Saturday, March 17, 2007

Criminal behavior

Dear reader, you may be forgiven for wondering about the brouhaha revolving aroung the firing a a few United States Attorneys. What's the big deal? These people serve (as has oft been repeated in the last few days) at the pleasure of the president. He can fire them whenever he wants. Nothing criminal here.

But if it's truly the non-story that GOPers and their mouthpieces at Fox Noise say it is, what are we to make of the Whitehouse's confused attempts to explain away their behavior?

Just to bring you up to date on the Whitehouse's evolving lies account of the firings of the Gonzales 8 (in chronological order):

  1. Just a routine personnel matter, nothing to see here.
  2. The firings were because the selected attorneys were incompetent, and you know how big we are on competence.
  3. Maybe the firings were political, but we can do that, 'cos y'know Clinton did it, so it must be ok.
  4. The firings weren''t political, and even if they were AG Gonzales didn't know about it, it's Kyle Sampson's (Gonzales' chief of staff) fault.
  5. It's Harriet Miers' fault. Karl Rove was just trying to reign in the politicization of the DoJ.
  6. It's not Harriet's fault, we don't remember whose fault it is, but we're sure it's not the President's.
If you're confused I don't blame you. But what do you expect from this Whitehouse, truth?

(If you'll pardon the webese: ROFLMAO!!!!!!)


For a clear view of what's really going on I'd suggest my own brief analysis.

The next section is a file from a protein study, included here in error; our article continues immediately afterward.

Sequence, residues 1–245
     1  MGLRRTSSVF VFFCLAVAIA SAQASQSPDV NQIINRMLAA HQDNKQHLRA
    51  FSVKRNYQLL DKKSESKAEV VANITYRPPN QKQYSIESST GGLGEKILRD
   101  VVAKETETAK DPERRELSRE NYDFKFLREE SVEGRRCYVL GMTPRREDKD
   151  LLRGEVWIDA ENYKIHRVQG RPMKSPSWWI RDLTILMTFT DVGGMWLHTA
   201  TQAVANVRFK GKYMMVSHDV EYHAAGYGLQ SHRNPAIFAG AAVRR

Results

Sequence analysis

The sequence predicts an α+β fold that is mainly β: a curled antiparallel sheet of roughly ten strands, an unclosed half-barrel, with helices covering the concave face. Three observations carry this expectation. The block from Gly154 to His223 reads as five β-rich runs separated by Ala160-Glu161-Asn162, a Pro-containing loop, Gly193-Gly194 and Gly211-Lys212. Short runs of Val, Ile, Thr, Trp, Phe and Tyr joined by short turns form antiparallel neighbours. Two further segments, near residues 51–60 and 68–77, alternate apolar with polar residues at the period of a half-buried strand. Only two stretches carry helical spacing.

And for extensive coverage you can't do better than the guy who's been pounding this story so hard even the MSM and Congress sat up and took notice, the blogosphere's own Josh Marshall.

At the moment though I'd like to look at a brief passage buried in today's Washington Post article on the latest iteration of the WH's version of events.

Many of the documents released over the past week were sent or received by Sampson, whose resignation, Gonzales and other Justice officials said, was prompted by his failure to tell others in the department about his contacts with the White House, leading to testimony by McNulty and others that may have been misleading.

Sampson disputed that version of events in his statement last night, saying he "felt he had let the attorney general down in failing to . . . organize a more effective political response to the unfounded accusations of impropriety in the replacement process."

Sampson's statement also suggested that his contacts with the White House were well known within Justice. If the contacts were not brought to the attention of McNulty and others, the statement said, it was "because no one focused on it or deemed it important at the time." [Emphasis mine-CK)

Though clearly intended to back up his "we didn't do anything wrong" defense, Sampson's intentionally self-serving statement holds, for me, a glimmer of the truth.

Remember, this was back in 2005. Bush had just received the "mandate" of an actual electoral victory (as opposed to his appointment by the Supreme Court in 2000) and the Bushies were riding high. Time to clean house.

And what better place to start than with some US attorneys who either hadn't shown proper enthusiasm for prosecuting Democrats or even (gasp, the horror, the horror) had had the temerity to prosecute Republicans.

I'm suggesting that to a Whitehouse where policy IS politics, politicizing the prosecution of the law of the land was no big deal. Business as usual.

So while, to you or I, subverting the criminal justice system might seem an attack on this country's fundamental principal of the rule of law, to those serving King George it was standard operating procedure.

And that's the real crime.

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